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The Japan Times

Hacking the U.S. election: questions and answers

Oct 8, 2016

WASHINGTON – The U.S. government’s accusation that Russian government-directed hacking aimed to disrupt the November election comes amid fears about the security of the voting process.

The attacks have included breaches of emails of political organizations, blamed on Russia, as well as probes of state voter databases, for which U.S. officials have said they cannot determine the source.

Here are some questions and answers:

Can hackers affect the November election results?

This is unlikely, voting experts say. There is no single, centralized hub to be hacked, ...


Voting machines undergo frequent tests and are not connected to the internet, Becker said, adding that 75 percent of votes are either on a paper ballot or with a paper backup. ...

So the election is secure?

It remains to be seen. A study last year by the Brennan Center for Justice at New York University found that “outdated voting equipment across the country presents serious security and reliability challenges.”


Dan Wallach, a computer science professor at Rice University who studies voting systems, told lawmakers the biggest vulnerability is voter registration databases.


Even if voting machines are not connected to the internet, he said, they “still interact with normal computers as part of their initialization phase,” loading software and ballot definitions, “and the tabulation phase,” extracting votes and computing the totals.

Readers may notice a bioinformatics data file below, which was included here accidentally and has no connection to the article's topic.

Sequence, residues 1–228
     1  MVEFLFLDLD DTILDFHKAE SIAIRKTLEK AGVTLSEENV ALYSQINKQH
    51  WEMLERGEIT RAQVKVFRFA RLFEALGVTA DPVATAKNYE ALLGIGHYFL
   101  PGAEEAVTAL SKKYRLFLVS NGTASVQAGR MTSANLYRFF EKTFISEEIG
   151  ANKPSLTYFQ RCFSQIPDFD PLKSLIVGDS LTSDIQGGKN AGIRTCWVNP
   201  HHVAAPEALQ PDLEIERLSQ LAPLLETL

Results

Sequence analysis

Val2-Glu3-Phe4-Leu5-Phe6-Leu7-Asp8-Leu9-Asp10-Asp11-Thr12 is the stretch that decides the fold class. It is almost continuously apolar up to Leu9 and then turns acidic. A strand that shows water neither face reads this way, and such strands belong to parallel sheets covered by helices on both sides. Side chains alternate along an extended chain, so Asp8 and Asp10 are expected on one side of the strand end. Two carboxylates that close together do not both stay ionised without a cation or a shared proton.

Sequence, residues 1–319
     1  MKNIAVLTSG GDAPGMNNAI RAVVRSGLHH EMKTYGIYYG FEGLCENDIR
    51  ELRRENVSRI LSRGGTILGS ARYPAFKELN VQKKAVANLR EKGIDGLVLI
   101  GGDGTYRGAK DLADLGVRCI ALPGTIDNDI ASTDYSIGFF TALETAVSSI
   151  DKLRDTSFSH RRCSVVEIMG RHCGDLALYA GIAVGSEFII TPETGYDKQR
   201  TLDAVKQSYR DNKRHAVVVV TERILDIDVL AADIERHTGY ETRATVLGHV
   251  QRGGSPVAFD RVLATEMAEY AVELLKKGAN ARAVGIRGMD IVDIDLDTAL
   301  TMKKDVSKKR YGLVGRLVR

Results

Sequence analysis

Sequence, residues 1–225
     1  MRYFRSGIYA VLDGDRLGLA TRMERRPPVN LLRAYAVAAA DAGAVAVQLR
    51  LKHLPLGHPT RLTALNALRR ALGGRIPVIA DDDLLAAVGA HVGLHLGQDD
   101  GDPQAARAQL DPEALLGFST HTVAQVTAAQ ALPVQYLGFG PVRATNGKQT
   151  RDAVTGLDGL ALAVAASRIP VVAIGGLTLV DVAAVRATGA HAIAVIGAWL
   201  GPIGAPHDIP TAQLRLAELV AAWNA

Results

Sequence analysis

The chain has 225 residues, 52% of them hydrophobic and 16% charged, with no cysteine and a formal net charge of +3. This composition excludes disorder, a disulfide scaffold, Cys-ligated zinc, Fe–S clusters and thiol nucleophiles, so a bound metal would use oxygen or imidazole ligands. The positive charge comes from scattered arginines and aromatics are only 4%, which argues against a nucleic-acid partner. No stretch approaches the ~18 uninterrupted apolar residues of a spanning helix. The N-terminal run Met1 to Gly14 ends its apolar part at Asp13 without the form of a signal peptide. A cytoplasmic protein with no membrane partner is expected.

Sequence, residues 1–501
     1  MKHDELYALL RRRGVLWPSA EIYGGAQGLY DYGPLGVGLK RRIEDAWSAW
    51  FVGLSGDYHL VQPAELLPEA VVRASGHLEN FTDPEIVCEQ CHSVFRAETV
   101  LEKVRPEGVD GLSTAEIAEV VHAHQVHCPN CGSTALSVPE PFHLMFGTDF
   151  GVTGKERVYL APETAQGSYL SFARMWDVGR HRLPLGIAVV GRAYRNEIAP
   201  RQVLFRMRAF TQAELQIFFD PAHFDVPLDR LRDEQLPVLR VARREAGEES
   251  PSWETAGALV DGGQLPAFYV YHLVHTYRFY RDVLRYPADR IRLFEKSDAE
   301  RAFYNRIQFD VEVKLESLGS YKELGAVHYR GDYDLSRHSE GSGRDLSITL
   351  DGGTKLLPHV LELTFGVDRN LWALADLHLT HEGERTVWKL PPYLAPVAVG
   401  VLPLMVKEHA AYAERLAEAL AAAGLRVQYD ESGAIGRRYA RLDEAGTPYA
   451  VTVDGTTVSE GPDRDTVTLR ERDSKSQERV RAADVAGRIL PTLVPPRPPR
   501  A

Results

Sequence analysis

This can allow hackers to attack even “air-gapped” machines that are not online, Wallach said.

What about online voting?

Thirty-two states and the District of Columbia allow some form of internet voting, involving email, fax or online portal, mainly for overseas and military voters, ...

But many computer experts contend these ballots may not be secure, with a potential for being altered, and with secrecy not guaranteed.


Internet voting is widely used in Estonia and has been tested elsewhere. But a group of computer experts in 2014 urged Estonia and other countries to discontinue the practice ...

What other disruptions are possible?

Instead of targeting voting machines, hackers or other activists could take a different approach: disinformation through social media or emails to create confusion in the final days of the campaign.

“A dump of carefully crafted fictional emails to WikiLeaks could do this, without ever actually attacking any machine,” said University of Iowa computer scientist Douglas Jones. “Creating havoc is far easier than systematically corrupting the results.”

What is motivating the attacks?

Russia’s involvement is not a surprise, according to James Lewis of the Center for Strategic and International Studies.

The Russians “see themselves in a new conflict where control of information is a tool or even a weapon,” he said.